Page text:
BGP configurations of E1 and R1 where the neighbor ebgp-multihop has been replaced with the neighbor disable-connected-check command are included below:

Configuration of E1
router bgp 65000
 no synchronization
 bgp log-neighbor-changes
 network 10.7.1.0 mask 255.255.255.0
 neighbor 10.0.0.1 remote-as 64800
 neighbor 10.0.0.1 disable-connected-check
 neighbor 10.0.0.1 update-source Loopback0
 neighbor 10.0.0.1 fall-over route-map EBGP_multihop
 no auto-summary
!
ip route 10.0.0.1 255.255.255.255 Serial1/0
ip route 10.0.0.1 255.255.255.255 Serial1/3
ip route 10.7.1.0 255.255.255.0 Null0
!
ip prefix-list EBGP_multihop seq 5 permit 0.0.0.0/0 ge 32
!
route-map EBGP_multihop permit 10
 match ip address prefix-list EBGP_multihop 
Configuration of R1
router bgp 64800
 no synchronization
 bgp log-neighbor-changes
 neighbor 10.0.0.23 remote-as 65000
 neighbor 10.0.0.23 disable-connected-check
 neighbor 10.0.0.23 update-source Loopback0
 neighbor 10.0.0.23 fall-over route-map EBGP_multihop
 no auto-summary
!
ip route 10.0.0.23 255.255.255.255 10.0.1.1
ip route 10.0.0.23 255.255.255.255 10.0.1.9
!
ip prefix-list EBGP_multihop seq 5 permit 0.0.0.0/0 ge 32
!
route-map EBGP_multihop permit 10
 match ip address prefix-list EBGP_multihop 

After the BGP session between E1 and R1 is established, you can use the show ip bgp neighbor command to inspect the details of the EBGP session. The output of this command on R1 confirms that the E1 is an EBGP neighbor that is not directly connected, but R1 nonetheless uses TTL=1 in outgoing TCP packets.

BGP neighbor details on R1
R1#show ip bgp neighbor 10.0.0.23
BGP neighbor is 10.0.0.23,  remote AS 65000, external link
  BGP version 4, remote router ID 10.0.0.23
  BGP state = Established, up for 00:33:08

  … deleted …

  Address tracking is enabled, the RIB does have a route to 10.0.0.23
  Connections established 1; dropped 0
  Last reset never
  External BGP neighbor not directly connected.
  Transport(tcp) path-mtu-discovery is enabled
Connection state is ESTAB, I/O status: 1, unread input bytes: 0
Connection is ECN Disabled, Mininum incoming TTL 0, Outgoing TTL 1
Local host: 10.0.0.1, Local port: 39201
Foreign host: 10.0.0.23, Foreign port: 179
Connection tableid (VRF): 0

  … deleted …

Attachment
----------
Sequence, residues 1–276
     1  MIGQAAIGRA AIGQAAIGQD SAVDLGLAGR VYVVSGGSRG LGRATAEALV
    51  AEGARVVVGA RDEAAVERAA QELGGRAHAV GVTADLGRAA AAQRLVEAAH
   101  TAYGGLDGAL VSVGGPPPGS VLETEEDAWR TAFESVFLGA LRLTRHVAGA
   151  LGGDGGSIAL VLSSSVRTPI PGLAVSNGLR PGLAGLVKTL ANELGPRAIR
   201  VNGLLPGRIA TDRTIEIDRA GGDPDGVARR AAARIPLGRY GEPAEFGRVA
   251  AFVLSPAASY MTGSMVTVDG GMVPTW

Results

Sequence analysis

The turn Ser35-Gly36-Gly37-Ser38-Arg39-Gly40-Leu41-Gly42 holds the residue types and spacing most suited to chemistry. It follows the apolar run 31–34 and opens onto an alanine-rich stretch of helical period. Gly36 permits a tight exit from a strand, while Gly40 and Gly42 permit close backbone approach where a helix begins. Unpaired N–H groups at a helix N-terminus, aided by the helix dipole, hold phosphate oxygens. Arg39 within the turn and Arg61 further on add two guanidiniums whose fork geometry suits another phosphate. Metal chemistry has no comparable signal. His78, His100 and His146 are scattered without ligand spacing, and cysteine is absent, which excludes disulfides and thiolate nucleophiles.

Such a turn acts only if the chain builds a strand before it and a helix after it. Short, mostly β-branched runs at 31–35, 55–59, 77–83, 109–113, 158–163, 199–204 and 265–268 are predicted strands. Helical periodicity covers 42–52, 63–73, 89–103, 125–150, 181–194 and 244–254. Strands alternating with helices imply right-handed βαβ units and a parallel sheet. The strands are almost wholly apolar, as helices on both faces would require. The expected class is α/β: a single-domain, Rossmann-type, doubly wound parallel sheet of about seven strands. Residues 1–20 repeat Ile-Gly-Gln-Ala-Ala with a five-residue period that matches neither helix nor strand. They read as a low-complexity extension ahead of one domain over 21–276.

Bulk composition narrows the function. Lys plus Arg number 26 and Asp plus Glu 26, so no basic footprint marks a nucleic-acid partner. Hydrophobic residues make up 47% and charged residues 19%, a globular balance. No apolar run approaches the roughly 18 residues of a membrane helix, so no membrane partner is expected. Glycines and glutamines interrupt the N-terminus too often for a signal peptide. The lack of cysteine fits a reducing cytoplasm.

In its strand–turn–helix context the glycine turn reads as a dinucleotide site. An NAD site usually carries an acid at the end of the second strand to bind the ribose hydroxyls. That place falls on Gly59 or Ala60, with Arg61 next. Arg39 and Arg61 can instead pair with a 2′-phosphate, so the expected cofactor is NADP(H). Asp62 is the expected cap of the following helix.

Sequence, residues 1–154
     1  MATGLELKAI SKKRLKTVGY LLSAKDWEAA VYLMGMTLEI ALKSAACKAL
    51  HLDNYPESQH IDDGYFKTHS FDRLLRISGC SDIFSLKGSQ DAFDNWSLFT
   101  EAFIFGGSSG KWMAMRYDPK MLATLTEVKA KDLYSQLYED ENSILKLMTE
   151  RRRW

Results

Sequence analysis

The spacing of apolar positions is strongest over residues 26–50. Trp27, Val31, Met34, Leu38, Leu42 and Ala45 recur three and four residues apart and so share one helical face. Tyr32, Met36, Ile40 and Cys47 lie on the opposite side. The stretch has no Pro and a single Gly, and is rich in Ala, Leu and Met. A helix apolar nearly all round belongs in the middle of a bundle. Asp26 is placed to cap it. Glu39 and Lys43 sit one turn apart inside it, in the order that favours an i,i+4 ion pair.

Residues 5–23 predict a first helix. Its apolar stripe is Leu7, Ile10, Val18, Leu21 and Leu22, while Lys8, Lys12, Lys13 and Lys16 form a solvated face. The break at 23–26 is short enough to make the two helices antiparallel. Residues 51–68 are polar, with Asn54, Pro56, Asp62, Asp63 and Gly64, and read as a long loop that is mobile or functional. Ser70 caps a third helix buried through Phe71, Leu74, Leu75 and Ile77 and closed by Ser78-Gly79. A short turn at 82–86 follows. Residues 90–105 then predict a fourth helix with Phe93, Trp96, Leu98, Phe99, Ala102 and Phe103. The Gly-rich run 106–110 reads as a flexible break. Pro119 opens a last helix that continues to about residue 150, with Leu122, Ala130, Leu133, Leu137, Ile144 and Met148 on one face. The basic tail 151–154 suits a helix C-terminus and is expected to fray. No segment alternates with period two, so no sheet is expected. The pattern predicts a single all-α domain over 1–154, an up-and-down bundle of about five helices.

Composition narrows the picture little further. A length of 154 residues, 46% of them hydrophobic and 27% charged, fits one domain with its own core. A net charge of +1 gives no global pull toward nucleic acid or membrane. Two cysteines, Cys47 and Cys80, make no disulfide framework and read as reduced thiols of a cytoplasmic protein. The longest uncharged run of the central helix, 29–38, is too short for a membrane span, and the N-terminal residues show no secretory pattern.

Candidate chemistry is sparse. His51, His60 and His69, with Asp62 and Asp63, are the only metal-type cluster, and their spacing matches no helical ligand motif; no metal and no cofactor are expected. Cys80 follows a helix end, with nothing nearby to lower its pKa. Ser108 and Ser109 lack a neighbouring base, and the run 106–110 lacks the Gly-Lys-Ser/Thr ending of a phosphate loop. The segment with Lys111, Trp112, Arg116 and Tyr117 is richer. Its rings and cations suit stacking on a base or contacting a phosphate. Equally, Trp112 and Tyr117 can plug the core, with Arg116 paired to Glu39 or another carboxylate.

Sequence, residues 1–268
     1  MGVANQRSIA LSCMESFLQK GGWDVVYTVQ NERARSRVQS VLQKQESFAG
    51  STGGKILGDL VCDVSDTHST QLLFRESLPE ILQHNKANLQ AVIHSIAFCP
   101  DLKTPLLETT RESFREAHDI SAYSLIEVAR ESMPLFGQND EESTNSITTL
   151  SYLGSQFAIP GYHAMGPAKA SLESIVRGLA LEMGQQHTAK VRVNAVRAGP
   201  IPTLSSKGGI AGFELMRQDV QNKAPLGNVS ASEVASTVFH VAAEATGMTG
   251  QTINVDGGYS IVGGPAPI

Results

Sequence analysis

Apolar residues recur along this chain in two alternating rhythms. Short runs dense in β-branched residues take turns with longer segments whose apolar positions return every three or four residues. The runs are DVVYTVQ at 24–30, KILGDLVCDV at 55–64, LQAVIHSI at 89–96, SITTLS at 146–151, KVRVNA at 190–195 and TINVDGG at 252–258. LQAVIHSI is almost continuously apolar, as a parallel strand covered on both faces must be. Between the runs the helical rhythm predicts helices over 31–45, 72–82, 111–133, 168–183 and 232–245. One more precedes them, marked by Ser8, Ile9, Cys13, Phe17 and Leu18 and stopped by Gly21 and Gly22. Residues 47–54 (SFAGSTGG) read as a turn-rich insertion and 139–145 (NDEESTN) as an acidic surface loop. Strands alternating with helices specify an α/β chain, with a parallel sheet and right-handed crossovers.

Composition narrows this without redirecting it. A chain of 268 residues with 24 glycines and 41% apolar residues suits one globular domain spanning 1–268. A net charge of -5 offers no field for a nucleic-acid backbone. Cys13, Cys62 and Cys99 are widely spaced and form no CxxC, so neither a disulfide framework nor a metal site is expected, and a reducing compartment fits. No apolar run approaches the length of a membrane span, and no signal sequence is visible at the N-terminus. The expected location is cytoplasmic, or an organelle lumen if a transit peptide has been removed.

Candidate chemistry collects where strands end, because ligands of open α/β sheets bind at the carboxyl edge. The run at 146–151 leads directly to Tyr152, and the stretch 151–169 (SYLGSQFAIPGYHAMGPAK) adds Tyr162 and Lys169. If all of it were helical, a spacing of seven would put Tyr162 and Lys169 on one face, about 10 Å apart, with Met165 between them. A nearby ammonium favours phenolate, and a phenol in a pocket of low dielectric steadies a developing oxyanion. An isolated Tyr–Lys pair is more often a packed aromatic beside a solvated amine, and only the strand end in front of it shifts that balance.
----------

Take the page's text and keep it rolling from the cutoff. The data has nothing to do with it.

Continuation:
4 comments:

  1. This comment has been removed by a blog administrator.
  2. The comment made by Blogking was a pure product advertisement with no added value.
  3. Hi Ivan,

    a recent comment made by Tony Li[1] regarding eBGP multihop (which I interpret as being averse to it) reminded me I wanted to ask you about this, but never actually did. :) I've been told (and I also remember reading somewhere) that eBGP is a Bad Thing and should be avoided, but I never found much details about why (granted, my google-fu might be low). I stumbled upon this blog post of yours, read the wiki article and found out about the TCP session hijacking issue (and how it can be mitigated). Also, because the neighbour is farther away, I'm thinking the session is (statistically) more likely to be unstable (because there are more devices/links that may experience issues) compared to when the neighbour is directly connected. Besides those, are there any other reasons why eBGP multihop is a Bad Thing?

    Thanks

    [1] http://www.gossamer-threads.com/lists/nanog/users/129697#129697
  4. Let's try to be diplomatic: some very senior networking engineers have strong feelings about certain features (some about multihop EBGP, others about stateful firewalls), undoubtedly because they had to troubleshoot them way too often.

    Like with a number of other advanced features (and sharp knives) you can easily hurt yourself with multihop EBGP if you don't know what you're doing, but it can also be tool that can save the day (admittedly mostly fixing bad designs).
Add comment
Sidebar